Punitive Damages Standards Act

Punitive Damages Standards Act

Summary

The Punitive Damages Standards Act establishes a standard for liability for punitive damages, raises the burden of proof to clear and convincing evidence, allows a bifurcated trial on the question of whether the defendant is liable for punitive damages, limits the amount of a punitive damages award to twice the amount of the plaintiff’s actual compensatory damages, limits vicarious liability for punitive damages, and precludes imposition of punitive damages when a product or service was approved by a government agency or complies with government regulations. Because the laws governing punitive damages vary among the states, a legislator planning to introduce a punitive damages bill should first obtain information about his or her state’s laws.

Model Policy

Section 1. {Title}

This Act shall be known and may be cited as the Punitive Damages Standards Act.

Section 2. {Definitions}

For the purposes of this Act, the meaning of the terms specified shall be as follows:

(A) “Clear and convincing evidence” means evidence which leaves no serious or substantial doubt about the correctness of the conclusions drawn from the evidence. It is more than a preponderance of evidence, but less than beyond a reasonable doubt.

(B) “Compensatory damages” means damages intended to make good the loss of an injured party and no more. The term includes general and special damages and does not include nominal, exemplary or punitive damages.

(C) “Malice” means either conduct which is specifically intended by the defendant to cause tangible or intangible serious injury to the plaintiff or conduct that is carried out by the defendant both with a flagrant indifference to the rights of the plaintiff and with a subjective awareness that such conduct will result in tangible serious injury.

(D) “Nominal damages” are damages that are not designed to compensate a plaintiff and are less than $500.

(E) “Product” means any object possessing intrinsic value, capable of delivery either as an assembled whole or as a component part or parts, and produced for introduction into trade or commerce.

(F) “Punitive damages” includes exemplary or vindictive damages and means damages awarded against a party in a civil action because of aggravating circumstances in order to penalize and to provide additional deterrence against a defendant to discourage similar conduct in the future. Punitive damages do not include compensatory damages or nominal damages.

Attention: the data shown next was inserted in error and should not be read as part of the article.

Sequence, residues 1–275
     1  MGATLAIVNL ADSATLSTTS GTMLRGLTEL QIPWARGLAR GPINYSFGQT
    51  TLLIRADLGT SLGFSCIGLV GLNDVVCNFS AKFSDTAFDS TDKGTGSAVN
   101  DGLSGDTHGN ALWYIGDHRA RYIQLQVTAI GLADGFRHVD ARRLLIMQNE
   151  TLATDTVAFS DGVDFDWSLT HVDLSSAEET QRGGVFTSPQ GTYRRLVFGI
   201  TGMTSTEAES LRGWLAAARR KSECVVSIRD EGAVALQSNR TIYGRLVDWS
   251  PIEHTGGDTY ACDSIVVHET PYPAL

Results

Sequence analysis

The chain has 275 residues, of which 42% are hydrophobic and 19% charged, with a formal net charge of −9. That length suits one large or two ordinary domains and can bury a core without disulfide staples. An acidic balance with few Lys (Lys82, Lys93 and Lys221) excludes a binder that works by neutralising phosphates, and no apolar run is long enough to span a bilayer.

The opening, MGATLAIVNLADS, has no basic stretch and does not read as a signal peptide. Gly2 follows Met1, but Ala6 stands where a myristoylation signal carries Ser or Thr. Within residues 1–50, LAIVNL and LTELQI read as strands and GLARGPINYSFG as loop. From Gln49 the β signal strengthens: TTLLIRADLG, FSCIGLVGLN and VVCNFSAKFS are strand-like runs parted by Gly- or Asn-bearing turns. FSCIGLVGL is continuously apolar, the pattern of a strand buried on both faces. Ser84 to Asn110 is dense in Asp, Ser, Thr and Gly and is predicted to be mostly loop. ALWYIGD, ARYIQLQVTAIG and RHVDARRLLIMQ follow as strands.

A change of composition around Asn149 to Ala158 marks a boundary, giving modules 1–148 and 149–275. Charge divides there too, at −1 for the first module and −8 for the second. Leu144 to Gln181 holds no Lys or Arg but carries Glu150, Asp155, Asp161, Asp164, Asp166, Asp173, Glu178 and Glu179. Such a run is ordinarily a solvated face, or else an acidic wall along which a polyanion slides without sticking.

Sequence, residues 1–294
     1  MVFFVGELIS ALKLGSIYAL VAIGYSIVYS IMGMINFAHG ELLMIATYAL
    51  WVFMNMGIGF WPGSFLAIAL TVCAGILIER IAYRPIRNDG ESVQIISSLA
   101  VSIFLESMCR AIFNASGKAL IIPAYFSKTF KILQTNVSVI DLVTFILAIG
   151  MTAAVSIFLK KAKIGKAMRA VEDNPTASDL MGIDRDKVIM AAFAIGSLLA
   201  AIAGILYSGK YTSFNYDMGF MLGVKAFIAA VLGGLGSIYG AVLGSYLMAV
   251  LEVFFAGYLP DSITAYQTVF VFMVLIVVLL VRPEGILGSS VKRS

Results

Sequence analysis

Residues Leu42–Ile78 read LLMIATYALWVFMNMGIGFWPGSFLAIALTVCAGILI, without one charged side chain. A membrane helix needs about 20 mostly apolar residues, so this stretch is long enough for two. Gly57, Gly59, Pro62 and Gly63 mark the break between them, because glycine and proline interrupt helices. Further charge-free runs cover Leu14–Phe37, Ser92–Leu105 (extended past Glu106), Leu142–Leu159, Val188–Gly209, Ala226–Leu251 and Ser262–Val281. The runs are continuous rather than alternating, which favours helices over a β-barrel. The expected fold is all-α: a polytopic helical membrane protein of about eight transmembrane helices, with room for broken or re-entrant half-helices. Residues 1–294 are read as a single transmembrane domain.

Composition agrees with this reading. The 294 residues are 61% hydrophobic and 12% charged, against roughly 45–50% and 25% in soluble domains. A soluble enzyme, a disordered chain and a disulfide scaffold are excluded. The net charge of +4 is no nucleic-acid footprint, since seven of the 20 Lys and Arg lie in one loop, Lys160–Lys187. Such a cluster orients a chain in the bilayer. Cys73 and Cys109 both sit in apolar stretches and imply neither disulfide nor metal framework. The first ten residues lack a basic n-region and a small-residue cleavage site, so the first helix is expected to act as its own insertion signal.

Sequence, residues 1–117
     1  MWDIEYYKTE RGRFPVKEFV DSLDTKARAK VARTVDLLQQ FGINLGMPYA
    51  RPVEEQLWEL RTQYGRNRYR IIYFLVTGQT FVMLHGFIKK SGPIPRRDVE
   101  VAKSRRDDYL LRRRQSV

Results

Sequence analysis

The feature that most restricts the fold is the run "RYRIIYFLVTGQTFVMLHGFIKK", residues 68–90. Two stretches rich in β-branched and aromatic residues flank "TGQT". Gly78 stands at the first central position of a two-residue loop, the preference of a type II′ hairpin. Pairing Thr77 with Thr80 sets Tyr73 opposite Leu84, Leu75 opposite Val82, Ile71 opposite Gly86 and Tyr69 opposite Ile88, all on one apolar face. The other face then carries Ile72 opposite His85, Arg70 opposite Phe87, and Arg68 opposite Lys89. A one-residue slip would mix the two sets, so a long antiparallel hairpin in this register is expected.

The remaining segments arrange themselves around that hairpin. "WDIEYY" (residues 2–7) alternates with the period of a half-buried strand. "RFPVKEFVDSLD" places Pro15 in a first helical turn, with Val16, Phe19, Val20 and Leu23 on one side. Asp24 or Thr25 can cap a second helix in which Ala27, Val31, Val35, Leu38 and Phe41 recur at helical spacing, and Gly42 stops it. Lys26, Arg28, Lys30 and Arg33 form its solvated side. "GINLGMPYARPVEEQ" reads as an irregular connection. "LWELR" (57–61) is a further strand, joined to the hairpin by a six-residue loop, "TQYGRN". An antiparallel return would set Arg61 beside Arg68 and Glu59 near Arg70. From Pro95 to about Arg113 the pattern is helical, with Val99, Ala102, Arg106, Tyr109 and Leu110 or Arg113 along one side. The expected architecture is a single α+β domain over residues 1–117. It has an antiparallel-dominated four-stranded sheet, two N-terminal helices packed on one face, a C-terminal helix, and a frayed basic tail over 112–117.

(G) “Service” means all activities engaged in for other persons for a consideration, which activities involve predominantly the performance of a service as distinguished from manufacture or sale of a product and that are regulated, approved, or licensed by a government agency.  Services include, but are not limited to financial services and the provision of insurance.

Section 3. {Pleading Punitive Damages }

(A) An award of punitive damages must be specifically prayed for in the complaint.

(B) The plaintiff shall not specifically plead an amount of punitive damages, only that such damages are sought in the action.

(C) The prayer for punitive damages shall be stricken prior to trial by the court, unless the plaintiff presents prima facie evidence sufficient to sustain an award of punitive damages under this Act to the court at least 30 days prior to trial.

Section 4. {Procedure for Award of Punitive Damages}

(A) All actions tried before a jury involving punitive damages shall, if requested by any defendant, be conducted in a bifurcated trial before the same jury.

(B) In the first stage of a bifurcated trial, the jury shall determine liability for compensatory damages and the amount of compensatory damages or nominal damages.  Evidence relevant only to the issues of punitive damages shall not be admissible in this stage.